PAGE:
Continued racial discrimination for blacks despite their achievements. Two of the latest incidents are below
Weatherman Al Roker kicks up a storm after taxi refuses to give him a ride
Affable weatherman Al Roker is outraged after a New York City taxi driver on Saturday passed up him and his 13-year-old son to pick up a white guy.
Roker, the weatherman for NBC’s Today Show, has one of the most-recognizable faces in country.
He said he was taking his son to a doctor’s appointment when he hailed a cab which stopped. But once the driver saw Roker and his son, he sped away to pick up a white guy a block away. Roker quickly tweeted, “Wonder why Uber wins?”
A recent study sponsored by Uber found that taxis often pass by blacks hailing a cab in order to pick up white men.
Read also: Hailing a Cab While Black in Chicago
Roker filed a complaint with NYC Taxi & Limousine Commission, and Commission chair Meera Joshi told the New York Daily News that he would take action against the taxi driver.
Black Harvard Law School professors’ portraits defaced
Just because they teach at Harvard Law School doesn’t mean that everyone wants them there. Last week, someone placed black tape over the eyes of the portraits of some of the school’s black professors.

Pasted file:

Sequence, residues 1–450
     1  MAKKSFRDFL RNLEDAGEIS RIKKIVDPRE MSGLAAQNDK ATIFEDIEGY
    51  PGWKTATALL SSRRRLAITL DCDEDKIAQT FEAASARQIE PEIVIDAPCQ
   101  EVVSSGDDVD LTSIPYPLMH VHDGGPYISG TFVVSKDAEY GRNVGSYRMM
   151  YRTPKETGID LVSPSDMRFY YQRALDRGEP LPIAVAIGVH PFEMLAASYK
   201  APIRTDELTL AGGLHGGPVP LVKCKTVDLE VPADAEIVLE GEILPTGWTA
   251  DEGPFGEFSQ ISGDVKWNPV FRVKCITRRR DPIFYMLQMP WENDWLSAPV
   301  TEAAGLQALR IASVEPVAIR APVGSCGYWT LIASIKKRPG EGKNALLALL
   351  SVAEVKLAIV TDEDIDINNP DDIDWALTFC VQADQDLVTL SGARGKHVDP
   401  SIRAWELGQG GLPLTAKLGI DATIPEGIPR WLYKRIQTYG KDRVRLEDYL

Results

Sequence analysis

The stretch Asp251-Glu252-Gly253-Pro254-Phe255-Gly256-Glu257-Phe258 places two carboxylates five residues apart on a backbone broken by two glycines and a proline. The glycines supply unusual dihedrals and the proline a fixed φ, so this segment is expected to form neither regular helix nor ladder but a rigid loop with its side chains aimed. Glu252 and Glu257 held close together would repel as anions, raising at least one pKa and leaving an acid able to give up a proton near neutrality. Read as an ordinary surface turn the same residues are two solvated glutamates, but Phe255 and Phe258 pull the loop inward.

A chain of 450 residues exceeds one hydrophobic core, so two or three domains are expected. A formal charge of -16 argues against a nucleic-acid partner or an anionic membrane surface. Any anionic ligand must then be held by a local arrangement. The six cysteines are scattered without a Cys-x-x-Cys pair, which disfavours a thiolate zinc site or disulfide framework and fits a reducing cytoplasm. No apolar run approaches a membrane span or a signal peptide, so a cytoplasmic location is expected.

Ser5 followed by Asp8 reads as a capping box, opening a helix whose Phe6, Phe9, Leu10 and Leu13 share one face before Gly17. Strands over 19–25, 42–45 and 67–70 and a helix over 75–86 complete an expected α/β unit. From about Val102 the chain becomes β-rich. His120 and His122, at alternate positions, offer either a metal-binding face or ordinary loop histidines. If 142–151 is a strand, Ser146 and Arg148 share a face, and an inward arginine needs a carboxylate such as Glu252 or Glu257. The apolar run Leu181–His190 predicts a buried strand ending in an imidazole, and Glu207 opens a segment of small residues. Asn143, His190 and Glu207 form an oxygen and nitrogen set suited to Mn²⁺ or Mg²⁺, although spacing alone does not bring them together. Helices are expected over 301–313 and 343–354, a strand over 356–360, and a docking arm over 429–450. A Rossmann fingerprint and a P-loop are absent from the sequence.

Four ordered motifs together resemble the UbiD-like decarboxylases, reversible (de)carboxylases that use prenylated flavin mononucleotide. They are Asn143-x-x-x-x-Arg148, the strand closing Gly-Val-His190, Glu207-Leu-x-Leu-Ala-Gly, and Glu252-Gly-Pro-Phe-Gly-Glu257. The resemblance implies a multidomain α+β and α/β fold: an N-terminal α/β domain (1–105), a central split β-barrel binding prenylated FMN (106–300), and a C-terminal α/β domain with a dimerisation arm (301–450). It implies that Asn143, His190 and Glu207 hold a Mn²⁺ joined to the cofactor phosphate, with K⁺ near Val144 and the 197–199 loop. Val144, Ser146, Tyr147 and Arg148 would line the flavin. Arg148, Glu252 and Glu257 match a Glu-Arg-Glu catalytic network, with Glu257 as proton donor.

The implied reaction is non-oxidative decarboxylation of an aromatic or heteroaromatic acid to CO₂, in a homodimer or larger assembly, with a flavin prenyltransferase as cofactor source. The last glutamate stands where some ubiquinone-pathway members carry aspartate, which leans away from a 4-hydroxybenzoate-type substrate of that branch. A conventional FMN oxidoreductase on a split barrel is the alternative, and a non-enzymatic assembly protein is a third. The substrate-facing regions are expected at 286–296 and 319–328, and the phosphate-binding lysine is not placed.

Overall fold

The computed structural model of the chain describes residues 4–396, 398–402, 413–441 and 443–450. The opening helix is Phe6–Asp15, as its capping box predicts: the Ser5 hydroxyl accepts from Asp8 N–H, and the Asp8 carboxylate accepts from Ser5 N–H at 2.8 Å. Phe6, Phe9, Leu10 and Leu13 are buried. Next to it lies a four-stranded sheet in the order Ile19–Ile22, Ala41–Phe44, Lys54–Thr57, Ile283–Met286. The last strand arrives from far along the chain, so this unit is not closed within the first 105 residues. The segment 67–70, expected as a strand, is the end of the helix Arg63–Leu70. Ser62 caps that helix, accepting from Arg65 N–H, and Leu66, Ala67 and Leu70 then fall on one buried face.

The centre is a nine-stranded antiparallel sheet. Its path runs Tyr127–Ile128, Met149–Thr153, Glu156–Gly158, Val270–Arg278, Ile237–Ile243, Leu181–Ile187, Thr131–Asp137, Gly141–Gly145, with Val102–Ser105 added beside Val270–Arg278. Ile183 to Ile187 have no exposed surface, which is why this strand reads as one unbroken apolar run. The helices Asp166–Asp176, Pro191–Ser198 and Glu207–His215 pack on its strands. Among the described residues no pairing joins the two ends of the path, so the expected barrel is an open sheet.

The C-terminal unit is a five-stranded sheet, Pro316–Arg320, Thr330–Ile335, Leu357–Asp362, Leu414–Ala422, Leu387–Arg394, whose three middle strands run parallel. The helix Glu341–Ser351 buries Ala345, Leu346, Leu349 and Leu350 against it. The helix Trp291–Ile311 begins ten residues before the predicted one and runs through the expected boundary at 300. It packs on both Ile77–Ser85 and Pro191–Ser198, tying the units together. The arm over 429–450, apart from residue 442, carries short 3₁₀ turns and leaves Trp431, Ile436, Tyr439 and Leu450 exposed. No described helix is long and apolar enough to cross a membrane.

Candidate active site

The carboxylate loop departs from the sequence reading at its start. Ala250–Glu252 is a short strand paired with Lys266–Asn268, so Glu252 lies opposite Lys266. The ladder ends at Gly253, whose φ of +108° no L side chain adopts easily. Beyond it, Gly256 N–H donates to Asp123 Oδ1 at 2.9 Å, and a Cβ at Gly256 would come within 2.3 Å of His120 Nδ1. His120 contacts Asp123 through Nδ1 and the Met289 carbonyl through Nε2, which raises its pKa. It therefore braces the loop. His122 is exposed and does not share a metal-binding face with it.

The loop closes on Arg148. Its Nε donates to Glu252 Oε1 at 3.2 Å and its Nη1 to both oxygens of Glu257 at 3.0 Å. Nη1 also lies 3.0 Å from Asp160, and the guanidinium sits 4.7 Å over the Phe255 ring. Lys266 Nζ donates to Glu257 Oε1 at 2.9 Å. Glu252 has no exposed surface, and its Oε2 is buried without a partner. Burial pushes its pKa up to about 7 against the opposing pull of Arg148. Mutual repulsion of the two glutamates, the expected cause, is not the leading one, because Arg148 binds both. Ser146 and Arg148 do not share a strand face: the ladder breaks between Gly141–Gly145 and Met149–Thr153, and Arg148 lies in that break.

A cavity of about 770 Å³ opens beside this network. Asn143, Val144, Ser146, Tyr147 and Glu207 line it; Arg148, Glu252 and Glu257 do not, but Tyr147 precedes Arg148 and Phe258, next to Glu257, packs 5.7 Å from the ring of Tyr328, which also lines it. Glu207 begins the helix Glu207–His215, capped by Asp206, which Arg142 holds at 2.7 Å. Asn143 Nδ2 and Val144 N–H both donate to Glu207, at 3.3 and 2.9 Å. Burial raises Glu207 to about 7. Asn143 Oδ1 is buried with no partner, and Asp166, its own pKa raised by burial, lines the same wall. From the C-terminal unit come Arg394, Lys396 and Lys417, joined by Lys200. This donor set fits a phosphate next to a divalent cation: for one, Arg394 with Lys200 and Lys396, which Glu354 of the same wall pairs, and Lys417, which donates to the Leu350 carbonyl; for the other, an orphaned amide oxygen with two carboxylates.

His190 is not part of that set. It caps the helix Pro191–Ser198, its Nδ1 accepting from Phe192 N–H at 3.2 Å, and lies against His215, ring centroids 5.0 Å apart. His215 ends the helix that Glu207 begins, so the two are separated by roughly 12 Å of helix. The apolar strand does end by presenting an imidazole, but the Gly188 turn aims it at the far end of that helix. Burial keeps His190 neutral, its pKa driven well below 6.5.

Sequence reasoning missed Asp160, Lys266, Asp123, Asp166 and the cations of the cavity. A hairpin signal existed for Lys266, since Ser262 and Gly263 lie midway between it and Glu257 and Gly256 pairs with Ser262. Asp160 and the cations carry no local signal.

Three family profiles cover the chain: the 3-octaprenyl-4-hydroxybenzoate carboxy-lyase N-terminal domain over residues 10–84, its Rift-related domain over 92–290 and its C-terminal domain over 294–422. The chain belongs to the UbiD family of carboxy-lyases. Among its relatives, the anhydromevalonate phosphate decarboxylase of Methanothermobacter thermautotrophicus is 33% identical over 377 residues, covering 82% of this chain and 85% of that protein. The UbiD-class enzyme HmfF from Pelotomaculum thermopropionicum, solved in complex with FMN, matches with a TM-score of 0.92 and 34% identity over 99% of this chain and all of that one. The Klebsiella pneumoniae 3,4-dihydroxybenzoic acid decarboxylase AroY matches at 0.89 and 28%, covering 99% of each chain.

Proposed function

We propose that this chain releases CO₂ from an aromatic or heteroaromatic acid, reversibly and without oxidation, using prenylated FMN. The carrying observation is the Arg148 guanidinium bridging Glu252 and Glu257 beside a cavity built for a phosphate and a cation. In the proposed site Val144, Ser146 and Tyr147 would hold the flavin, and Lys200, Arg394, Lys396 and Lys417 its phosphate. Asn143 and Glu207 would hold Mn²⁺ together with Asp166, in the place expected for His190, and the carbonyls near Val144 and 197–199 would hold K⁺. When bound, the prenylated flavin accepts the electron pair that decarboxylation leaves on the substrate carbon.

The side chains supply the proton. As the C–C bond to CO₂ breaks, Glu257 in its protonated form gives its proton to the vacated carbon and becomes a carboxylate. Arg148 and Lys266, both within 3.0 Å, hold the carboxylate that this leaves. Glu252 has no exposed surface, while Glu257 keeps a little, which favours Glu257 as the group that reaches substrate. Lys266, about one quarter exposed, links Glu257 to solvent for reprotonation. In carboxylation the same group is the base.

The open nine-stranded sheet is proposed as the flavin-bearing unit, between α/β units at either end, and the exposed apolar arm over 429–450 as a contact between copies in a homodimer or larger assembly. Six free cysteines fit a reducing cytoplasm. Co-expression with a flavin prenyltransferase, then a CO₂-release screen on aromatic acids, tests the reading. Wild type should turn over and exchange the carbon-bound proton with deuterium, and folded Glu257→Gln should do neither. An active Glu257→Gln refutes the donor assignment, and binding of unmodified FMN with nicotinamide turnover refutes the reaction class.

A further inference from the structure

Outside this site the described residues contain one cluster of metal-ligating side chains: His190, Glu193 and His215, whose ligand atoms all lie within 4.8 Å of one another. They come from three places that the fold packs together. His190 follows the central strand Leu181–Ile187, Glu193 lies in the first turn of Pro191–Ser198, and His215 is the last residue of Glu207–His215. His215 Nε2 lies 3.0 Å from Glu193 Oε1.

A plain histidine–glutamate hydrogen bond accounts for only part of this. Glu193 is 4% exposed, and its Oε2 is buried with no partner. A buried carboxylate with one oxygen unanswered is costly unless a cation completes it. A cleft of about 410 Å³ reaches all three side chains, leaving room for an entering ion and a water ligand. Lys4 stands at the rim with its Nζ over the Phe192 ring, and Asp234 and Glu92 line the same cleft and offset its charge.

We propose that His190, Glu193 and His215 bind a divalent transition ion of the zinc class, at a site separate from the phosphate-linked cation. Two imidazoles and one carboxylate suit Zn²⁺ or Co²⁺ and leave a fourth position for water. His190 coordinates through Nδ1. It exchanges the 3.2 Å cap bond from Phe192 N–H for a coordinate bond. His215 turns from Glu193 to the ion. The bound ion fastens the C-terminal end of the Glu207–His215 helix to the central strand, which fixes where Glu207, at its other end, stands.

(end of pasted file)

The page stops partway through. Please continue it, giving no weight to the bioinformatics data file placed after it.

Students and professors saw the tape Thursday morning in Wasserstein Hall where two hallways are lined with portraits of 180 professors
All of the portraits targeted were those of black professors, although some others were untouched.
Harvard Law School Dean Martha Minow said in statement Harvard University police are investigating the incident as a hate crime.
Brown University to spend $100 million for an inclusive campus
Brown University, which was founded in 1764 by members of the Brown family who made millions from the slave trade, plans to spend $100 million over the next decade to address diversity and racism on campus, Christina Paxson, the school’s president, recently announced.
A 19-page draft of their plan includes ways to increase Brown’s racial and ethnic diversity and add race and ethnicity to teaching and research topics.
John Brown defended slavery, but his brothers Moses and Nicholas were abolitionists.
In a 106-page report published in 2006 about the New England slave trade, school officials admitted slaves helped build Brown’s campus in Providence, Rhode Island. Many of the school’s buildings are named after slave owners.
Providence was for decades the center of the nation’s slave trade.